Other biometric devices in use include retinal scanners, iris scanners and voice recognition. Despite what is seen in popular movies, no-one likes having a laser shined into their eyes, so voice recognition might be the way forward.

But there are known issues with biometric technology. But those issues are the same for any authentication system. Current error rates for single-fingerprint devices are approximately 2% at best – not good enough to be used on their own yet.

Some systems don’t rely on matching the actual fingerprint, but match other behavioural properties of a user. For example, the angle and velocity of fingerprint scanning, which are properties that are different for each person, are measurable and repeatable. This defeats a physical attack such as removing a person’s finger in an effort to impersonate someone.

Returning to the ATM example: for now, we are bound to cards and PINs due to their low maintenance and production costs. From a customer’s point of view, it would be simpler to speak to an ATM and ask it for cash, once your voice print linked to your account has been confirmed. This is a much more user friendly (and safer) future.

Ultimately, until more robust security alternatives are widely accepted (and implementable at low cost), those who continue to ignore the advice on passwords must seriously ask what balance of security and usability they prefer, and what price they’re prepared to pay for weak security?

Mike Johnstone is a Security Researcher and Senior Lecturer in Software Engineering at Edith Cowan University

This article was originally published on The Conversation.


  • Given the push for longer nonsensical passphrases to prevent bruteforce and dictionary attacks, why does my (Westpac) online banking restrict passwords to no more than six(!) characters from the very limited set of A-Z (uppercase only) and 0-9?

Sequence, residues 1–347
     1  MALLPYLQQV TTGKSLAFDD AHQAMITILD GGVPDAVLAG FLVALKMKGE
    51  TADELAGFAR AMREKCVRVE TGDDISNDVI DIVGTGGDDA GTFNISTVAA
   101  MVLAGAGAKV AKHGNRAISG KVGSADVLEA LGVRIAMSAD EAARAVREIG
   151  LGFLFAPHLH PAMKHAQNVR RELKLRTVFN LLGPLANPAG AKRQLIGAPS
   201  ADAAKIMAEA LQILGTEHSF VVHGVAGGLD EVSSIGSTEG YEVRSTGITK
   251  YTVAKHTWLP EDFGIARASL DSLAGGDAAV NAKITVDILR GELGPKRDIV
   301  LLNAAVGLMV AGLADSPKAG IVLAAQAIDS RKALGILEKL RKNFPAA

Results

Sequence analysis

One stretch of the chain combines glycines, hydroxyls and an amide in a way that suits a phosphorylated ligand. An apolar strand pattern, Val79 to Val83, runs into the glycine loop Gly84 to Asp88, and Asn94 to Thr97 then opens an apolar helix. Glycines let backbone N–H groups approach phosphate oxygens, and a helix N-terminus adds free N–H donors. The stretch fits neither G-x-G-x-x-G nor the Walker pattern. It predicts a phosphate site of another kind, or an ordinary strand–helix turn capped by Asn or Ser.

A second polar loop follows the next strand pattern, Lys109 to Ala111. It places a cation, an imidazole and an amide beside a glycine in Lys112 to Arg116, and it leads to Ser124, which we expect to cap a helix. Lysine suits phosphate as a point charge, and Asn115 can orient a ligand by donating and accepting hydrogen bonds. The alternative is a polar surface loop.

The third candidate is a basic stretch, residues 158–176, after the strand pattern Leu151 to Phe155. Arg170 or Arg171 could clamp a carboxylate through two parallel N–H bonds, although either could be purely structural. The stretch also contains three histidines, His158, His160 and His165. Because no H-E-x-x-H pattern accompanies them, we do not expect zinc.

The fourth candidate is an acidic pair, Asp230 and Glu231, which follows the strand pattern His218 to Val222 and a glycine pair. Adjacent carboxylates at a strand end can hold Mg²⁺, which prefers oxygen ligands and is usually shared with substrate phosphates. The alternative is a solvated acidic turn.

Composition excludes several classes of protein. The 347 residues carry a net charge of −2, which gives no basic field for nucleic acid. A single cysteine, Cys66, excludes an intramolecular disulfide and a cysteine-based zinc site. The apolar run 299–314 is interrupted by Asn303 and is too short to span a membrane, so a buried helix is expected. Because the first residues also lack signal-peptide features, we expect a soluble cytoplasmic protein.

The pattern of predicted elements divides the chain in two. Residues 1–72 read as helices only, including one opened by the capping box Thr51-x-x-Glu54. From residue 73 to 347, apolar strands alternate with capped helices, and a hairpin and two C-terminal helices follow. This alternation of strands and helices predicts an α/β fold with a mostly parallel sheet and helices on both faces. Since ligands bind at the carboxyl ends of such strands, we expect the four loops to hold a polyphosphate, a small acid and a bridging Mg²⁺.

This has to be entered by clicking keys on an onscreen keyboard which might help, but just how secure can this be? 🙁

    • How effective are those types of attacks against something like Westpac? It seems pretty bot resistant. Three wrong tries and you’re locked out of your account until you talk to someone over the phone. Couple it with a phone number length bank generated user ID and it’s probably in their best interest to have passwords that aren’t long. Shorter passwords are easier to remember, and less people forgetting their passwords means less stress on the support lines, which means they probably have more time to put into authenticating the user.
      I would imagine most Westpac ‘hacking’ involves getting your hands on the exact login details for the account, in which case all the normal length and character requirements are a bit pointless (even if you’re looking over someone’s shoulder and remembering what they type, b00bies isn’t much harder to remember than boobies).

  • Trick is to use something you’ll easily remember, but others will find hard to figure. Work ID is surprisingly hard for someone to find, but everyone knows their employee number. Or a nonsensical jumble of characters that means something to you.

    Like [email protected] which stands for ‘I lived at 123 Sesame St when I was 8’. One of those is fairly easy to remember, while the other one is fairly hard to crack. Most people remember where they lived when they were 8…

    Or where they went to school, their pets name, their mums maiden name, or some other easy to remember info they can roll into a password. The sort of question they use as the second phase security. Hell, tie em together!

    Its only got to be tough for one half of the issue to figure out.

  • Nonetheless, tapping a card is proving to be popular with consumers and with retailers, so convenience wins over security.

    Actually, the primary reason I started using paywave, is because my bank offered a 5% rebate on all paywave transactions. Now that they still offer a 2% rebate on all paywave transactions, I still use it.

    The day they stop doing this, is the day I request a normal bank card again, to minimise the risk. It’s really not that much more convenient than inserting the chip into an EFTPOS device and typing a four digit code.

  • I use something called a Qwertycard. All my passwords are random & strong, but easy to remember as I keep them in my wallet.